Slasher rehash is less scary than Midtown


The fifth film “Scream” does not try to reinvent the scream.

Unlike rebooted “Halloween” and “Candyman”, which managed to push their franchises into the present with additional social commentary, the tired teen slasher flick is stuck in the past. And proud of it.

Although “Scream” is set in modern times, it’s a cinematic time machine to 2000. All the while, you feel surrounded by Beanie Babies while gorging yourself on Pizza Bagels and listening to the songs. Backstreet Boys.

Film critic

Duration: 116 minutes. Rated R (strong bloody violence, language throughout, and some sexual references.) In theaters Friday.

But should a serial killer bloodbath be so comfortable and nostalgic for an audience? Not if he wants to keep our interest. For two hours, Scream-o’s Cinco comes with routine killings and a few surprises, even when he tries to shock us lightly.

The heroine’s backstory is a moan. A development that should be devastating is completely still. And when you think you know who is behind the Ghostface mask, you are probably right.

Ah, oh, the meta jokes. They got out of hand in subsequent sequels, and Five drowns in them.

The big gag here, for example, is to poke fun at the recent rise in critically-acclaimed horror films (and, uh, better).

“What’s your favorite horror movie? Ghostface asks young Tara (Jenna Ortega) at first as she stands in her Woodboro kitchen, a la Drew Barrymore in the first chapter. But while Drew said, “I don’t know,” Tara, a movie buff, replies, “‘The Babadook.’ It is an incredible meditation on motherhood and bereavement.

Can Ghostface kill me too?

Ghostface is back in “Scream”.

After Tara is stabbed – not fatally – the self-referential bits arrive faster than they did in “3” and “4”. They laugh at “The Witch”, “Jurassic World”, “The Last Jedi”, the divorce of Jamie Lee Curtis, David Arquette and Courteney Cox and so on. Problem is, Parker Posey isn’t here to bring bland stuff out of the park.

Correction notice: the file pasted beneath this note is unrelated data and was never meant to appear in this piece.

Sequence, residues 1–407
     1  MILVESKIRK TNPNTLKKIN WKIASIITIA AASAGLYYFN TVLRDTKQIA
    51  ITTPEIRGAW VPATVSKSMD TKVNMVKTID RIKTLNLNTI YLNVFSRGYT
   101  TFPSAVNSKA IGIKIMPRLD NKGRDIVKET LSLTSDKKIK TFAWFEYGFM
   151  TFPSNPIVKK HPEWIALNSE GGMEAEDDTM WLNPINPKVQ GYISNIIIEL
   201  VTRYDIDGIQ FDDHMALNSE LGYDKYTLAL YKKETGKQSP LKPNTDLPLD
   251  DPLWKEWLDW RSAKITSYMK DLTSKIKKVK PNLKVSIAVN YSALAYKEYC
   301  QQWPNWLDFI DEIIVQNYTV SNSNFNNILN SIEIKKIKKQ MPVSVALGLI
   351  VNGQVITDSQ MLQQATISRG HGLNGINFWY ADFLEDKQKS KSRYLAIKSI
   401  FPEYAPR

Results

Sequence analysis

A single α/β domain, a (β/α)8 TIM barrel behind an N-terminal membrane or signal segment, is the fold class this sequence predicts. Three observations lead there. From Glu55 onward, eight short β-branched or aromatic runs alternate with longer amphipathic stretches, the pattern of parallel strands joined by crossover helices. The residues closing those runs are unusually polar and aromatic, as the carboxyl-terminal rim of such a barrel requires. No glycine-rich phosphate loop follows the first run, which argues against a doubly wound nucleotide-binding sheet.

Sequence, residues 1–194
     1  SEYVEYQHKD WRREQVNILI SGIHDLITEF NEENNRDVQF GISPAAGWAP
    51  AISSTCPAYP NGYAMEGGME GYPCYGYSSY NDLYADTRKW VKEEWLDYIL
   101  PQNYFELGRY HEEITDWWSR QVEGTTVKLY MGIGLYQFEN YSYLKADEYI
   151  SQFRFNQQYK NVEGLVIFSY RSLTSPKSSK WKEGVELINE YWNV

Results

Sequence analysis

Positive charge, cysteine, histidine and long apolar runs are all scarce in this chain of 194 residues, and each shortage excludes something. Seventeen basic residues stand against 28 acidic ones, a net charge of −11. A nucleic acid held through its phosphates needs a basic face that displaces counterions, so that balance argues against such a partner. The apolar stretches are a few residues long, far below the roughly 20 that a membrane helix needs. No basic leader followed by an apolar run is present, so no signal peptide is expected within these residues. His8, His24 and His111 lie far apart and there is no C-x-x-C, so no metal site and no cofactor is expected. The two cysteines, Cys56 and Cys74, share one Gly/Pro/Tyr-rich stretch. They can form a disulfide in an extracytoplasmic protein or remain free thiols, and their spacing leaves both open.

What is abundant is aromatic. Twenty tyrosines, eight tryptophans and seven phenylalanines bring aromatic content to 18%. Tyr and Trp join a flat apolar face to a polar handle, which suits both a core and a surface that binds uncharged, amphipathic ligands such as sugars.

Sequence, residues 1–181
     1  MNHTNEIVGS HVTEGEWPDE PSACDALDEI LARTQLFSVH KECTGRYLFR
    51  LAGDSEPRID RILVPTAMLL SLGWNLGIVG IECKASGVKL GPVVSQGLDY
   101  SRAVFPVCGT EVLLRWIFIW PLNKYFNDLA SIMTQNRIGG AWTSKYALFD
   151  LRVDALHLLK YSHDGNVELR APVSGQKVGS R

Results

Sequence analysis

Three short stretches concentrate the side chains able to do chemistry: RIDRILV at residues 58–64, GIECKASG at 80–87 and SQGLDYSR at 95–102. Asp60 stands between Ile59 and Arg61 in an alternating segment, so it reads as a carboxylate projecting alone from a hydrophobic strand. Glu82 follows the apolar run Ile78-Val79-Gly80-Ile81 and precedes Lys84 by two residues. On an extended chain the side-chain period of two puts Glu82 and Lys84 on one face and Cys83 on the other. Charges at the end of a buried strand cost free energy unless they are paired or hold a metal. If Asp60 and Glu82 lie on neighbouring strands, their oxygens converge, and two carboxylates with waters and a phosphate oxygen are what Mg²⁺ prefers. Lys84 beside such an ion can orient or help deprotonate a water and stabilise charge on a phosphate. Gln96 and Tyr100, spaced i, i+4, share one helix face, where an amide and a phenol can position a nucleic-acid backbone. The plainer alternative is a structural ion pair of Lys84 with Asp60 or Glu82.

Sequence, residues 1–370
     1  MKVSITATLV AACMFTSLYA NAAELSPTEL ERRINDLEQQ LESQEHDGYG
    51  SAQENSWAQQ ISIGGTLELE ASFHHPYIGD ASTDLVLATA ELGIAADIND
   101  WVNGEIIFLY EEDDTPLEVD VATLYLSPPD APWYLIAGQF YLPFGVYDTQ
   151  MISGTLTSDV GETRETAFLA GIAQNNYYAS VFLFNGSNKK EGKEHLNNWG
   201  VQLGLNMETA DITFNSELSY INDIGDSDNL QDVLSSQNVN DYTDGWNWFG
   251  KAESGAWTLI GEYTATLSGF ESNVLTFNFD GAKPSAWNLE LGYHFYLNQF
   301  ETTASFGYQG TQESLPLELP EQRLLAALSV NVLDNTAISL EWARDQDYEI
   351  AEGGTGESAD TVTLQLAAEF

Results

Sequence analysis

The rest of the story follows the old worn-out model.

Tara’s older sister Sam (Melissa Barrera) rushes to her side at the hospital and finds herself at the center of yet another wave of killings in Woodboro. We always ask the same questions: which friend will die next? Is this nice boy the killer? What was Courteney Cox’s last movie role ?!

Sam explains to her boyfriend Richie (Jack Quaid) that a Ghostface impersonator tries to make a splash in town “every ten years or so. Last time was in 2011. See? It’s been 10 years since the third sequel Who invented these incredible zingers?

It would be writers James Vanderbilt and Guy Busick, who put so much effort into humor, as it is, that they threw scare into a blender. I’m a wimp and I might as well have watched “The Great British Baking Show”.

Neve Campbell is reprising the role of Sidney Prescott.
Neve Campbell is reprising the role of Sidney Prescott.

The new cast fits in perfectly. Directors Matt Bettinelli-Olpin and Tyler Gillett, succeeding the late Wes Craven, have poached a few popular young actors like Dylan Minnette (“13 Reasons Why”) and Mason Gooding (“Love, Victor”) perhaps in the hope of ‘attract their impressionable fans.

And Barrera, who was wonderful in “In The Heights”, has a serious intensity that will give her a long career. It’s fun to see her kick ass with Neve Campbell, Cox and Arquette, whose chemistry is a certainty at this point.

Yet even though “Scream” refers to aughts movies and celebrates the slasher genre, it forgets the most important part – the original was actually scary.


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